WASHINGTON/NEW YORK —
Democratic presidential contender Hillary Clinton has raised more than $45 million since she entered the race in April, aides said Wednesday, setting a fast pace in what is sure to be the most expensive U.S. political campaign in history.
The fundraising figure, announced by the campaign on Twitter, did not include a breakdown of the total number of donors to Clinton, the amount of their average donation or how many donors have already given the legal maximum of $2,700.
But campaign aides said 91 percent of the donations were in amounts of $100 or less and touted the figure as a sign of broad-based, grass-roots support as she fights off a challenge from the party's liberal wing led by U.S. Senator Bernie Sanders of Vermont.
The Sanders campaign said Tuesday that it had received contributions from about 200,000 individuals since he entered the race at the end of April, and donations averaged about $37 per person.
The Clinton haul surpasses the $42 million in primary funds raised by President Barack Obama in 2011 in the first quarter after he announced his re-election bid, the previous record for the first quarter of a campaign.
Clinton is the first 2016 presidential contender to report even a rough total on the fundraising numbers, which are viewed as an early indicator of a candidate's appeal and staying power in the race.
The specific fundraising figures for the fiscal quarter ending on June 30 must be reported to the Federal Election Commission by July 15. Clinton said on Twitter her campaign was "still running the numbers" for the final report.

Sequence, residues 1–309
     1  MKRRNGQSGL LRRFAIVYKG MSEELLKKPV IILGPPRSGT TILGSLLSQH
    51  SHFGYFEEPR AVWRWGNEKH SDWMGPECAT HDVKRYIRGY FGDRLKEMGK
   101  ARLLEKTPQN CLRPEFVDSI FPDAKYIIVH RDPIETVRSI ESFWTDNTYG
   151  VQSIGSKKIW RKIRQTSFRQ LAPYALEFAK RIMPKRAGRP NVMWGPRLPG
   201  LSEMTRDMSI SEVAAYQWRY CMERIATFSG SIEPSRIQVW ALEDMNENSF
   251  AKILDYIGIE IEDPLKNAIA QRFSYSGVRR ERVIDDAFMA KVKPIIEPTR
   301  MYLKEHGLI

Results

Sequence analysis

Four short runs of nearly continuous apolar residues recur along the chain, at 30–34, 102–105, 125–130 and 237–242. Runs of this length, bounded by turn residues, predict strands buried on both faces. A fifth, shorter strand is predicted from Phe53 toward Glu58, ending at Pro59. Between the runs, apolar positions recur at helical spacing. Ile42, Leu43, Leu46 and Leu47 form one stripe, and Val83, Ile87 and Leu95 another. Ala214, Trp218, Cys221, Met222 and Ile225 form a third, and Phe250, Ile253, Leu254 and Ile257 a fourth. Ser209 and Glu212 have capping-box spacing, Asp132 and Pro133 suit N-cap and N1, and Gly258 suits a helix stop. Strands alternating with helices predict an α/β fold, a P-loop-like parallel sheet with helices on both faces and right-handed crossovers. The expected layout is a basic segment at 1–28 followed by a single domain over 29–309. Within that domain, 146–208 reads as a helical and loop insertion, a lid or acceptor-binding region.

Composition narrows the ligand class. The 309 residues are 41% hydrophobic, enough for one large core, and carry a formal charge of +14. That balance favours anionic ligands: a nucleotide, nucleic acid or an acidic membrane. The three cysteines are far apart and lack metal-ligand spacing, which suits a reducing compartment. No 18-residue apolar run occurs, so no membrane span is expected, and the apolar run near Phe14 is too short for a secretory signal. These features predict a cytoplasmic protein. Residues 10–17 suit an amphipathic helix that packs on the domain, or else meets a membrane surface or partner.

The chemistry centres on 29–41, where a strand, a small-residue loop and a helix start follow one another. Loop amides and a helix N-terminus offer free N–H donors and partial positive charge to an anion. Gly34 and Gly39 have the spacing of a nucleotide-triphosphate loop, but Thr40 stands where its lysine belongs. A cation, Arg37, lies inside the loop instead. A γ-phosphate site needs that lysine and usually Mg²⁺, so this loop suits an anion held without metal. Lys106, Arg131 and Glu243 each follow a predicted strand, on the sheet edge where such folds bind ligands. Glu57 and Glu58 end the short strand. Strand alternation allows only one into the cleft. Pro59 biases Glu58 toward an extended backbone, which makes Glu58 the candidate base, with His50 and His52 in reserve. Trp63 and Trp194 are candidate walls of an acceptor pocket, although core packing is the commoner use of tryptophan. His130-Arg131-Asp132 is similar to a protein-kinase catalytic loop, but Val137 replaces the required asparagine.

Clinton has kept up an intensive national fundraising schedule since she launched her presidential bid, holding dozens of fundraising events, often at the homes of wealthy donors.
The campaign featured a "Hillstarter" program that asks top donors to host fundraising events that each bring in at least $27,000 from donors.
The Associated Press reported Clinton has raised at least $19.5 million at 61 such fundraisers, an amount that makes up at least 43 percent of her fundraising total. It said the percentage was sure to be even higher, because it used the most conservative ticket prices to calculate the total raised at each event.
On Tuesday, the last day of the quarter, Clinton's campaign sent an email asking supporters to "chip in $1" to help it reach its goal of grass-roots donations.
The former secretary of state, U.S. senator and first lady has a big lead in polls over three Democratic challengers, giving her broad access to the party's top donors and fundraisers.
Fourteen Republicans are running for their party's nomination ahead of the November 2016 presidential election.
The fundraising numbers for Clinton and other candidates will pale compared with the huge sums expected to be raised by allied Super PACs.